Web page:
I'm no art critic nor do I know how to write about art, so the best I can give here is my point of view. Dali's paintings by their very provocativeness and defiance of (and later homage to) natural laws of physics, as well as modern aesthetics, are endlessly fascinating to unpack and analyze. He both acknowledges the standards that people bring to art appraisal, while making the point that such standards are subjective and perhaps should not exist in the first place; he has a similar view on whether art should or should not "make sense." Had he allowed himself to be locked down by such restrictions, which always fluctuate based on the time period, the world would have been deprived of so much fearless, scandalous creative power. So, even though I don't necessarily like the subject matter of some of his works, I can respect the tenacity, openness and multifaceted nature of the mind behind their creation. A point of view that I wish the so-called Surrealists of his time could have shared - you can't exactly call yourself a "revolutionary" movement if you're easily offended by those who dare to break the mold.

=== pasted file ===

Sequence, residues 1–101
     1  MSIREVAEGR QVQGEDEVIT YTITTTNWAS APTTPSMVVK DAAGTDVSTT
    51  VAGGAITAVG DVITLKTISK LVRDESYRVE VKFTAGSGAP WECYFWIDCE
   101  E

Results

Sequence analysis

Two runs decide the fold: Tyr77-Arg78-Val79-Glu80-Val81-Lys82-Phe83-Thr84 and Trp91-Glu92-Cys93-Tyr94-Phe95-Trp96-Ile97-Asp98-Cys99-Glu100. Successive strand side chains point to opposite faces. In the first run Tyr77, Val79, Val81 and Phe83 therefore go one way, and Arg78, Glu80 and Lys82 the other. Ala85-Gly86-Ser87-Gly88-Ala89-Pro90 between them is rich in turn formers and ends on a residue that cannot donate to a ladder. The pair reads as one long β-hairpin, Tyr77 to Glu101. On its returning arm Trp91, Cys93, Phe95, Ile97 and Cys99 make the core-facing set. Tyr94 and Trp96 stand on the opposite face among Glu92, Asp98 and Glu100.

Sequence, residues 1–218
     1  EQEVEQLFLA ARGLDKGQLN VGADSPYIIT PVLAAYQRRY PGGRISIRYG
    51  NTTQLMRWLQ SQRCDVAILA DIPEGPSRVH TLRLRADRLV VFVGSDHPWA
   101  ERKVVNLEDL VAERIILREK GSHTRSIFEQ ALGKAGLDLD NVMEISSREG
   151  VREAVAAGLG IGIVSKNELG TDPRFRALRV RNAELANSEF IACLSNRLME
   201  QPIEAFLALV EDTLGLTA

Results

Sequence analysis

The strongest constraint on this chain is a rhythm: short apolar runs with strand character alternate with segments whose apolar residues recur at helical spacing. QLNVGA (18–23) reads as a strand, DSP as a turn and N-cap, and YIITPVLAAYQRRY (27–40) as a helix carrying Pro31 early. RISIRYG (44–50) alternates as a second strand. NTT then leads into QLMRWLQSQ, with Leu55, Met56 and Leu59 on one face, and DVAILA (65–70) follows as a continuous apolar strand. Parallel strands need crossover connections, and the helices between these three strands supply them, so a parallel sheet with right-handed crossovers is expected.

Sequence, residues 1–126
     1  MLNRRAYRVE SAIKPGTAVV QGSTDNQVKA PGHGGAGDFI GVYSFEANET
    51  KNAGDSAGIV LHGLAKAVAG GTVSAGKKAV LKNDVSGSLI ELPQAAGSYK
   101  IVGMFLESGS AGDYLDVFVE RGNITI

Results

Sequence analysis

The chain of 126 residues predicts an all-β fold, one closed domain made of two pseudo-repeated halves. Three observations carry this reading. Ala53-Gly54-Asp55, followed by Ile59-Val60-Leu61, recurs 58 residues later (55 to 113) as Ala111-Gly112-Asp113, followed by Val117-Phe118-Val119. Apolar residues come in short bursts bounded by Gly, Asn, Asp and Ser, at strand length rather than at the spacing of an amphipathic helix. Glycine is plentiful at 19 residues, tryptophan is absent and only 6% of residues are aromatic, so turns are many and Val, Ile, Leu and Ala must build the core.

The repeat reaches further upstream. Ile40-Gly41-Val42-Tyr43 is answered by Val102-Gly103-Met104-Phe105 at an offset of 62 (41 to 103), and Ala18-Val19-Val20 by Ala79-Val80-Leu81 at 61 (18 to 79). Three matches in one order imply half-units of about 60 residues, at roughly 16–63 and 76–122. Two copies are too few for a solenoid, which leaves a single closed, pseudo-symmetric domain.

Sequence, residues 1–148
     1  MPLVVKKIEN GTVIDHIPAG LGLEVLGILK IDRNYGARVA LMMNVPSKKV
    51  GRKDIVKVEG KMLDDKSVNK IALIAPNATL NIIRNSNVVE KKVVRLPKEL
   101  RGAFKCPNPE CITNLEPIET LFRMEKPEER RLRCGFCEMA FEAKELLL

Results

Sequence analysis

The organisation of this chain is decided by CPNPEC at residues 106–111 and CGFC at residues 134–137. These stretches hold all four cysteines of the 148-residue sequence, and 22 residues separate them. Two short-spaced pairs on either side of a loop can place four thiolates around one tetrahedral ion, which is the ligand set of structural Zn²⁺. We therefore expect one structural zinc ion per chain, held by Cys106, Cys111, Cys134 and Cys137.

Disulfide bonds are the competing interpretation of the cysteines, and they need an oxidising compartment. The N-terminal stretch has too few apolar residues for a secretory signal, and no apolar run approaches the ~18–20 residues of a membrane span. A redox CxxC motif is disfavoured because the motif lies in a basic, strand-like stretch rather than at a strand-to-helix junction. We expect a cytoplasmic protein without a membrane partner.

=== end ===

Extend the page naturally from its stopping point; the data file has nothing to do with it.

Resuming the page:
A few other unexpected discoveries I made from this book:

(1) His mastery of the trompe l'oeil technique is absurdly good. My only prior memory of his art being The Persistence of Memory, I was stunned by how well he could create optical illusions in his paintings, with the seemingly effortless placement of a few properly shaped objects, or through the combination of a multitude of tiny components like in Gala Placidia. It's amazing to consider how he came up with such a concept, let alone how he executed it so flawlessly.

(2) Dali is at least as good of a writer as he is a painter, if not better. As writing is also a form of art, it must have been another great avenue for him to express his views on life, religion/mysticism, etc. Although not everything he's written has been autobiographical, the few excerpts I read from The Secret Life of Salvador Dali and Diary of a Genius ranged from sharp-witted to poetic to philosophical, and sometimes all three, which again illustrates the brilliance of the mind behind the art.

(3) Unlike other artists, Dali has provided background/interpretation on some of his works, which on one level gives us an easy understanding of his more confusing (and/or scandalous) paintings, but on the other makes me wonder how he ever managed to perceive and incorporate so much symbolism into his art. The soft watches in The Persistence of Memory came from an image of melting Camembert and how people are slaves to their rigid timepieces. He depicts drawers and cupboards opening out of bodies as a representation of Freud's psychoanalytic theories. Eggs are a common motif, a symbol of a "pre-natal" world; and his wife Gala is a recurring image in his work, taking on a religious significance in some instances. Later, discoveries on the nature of the atom heavily influence his subject matter as well. In short, it's amazing to me how one man could so artistically combine the inner and outer universe of his existence.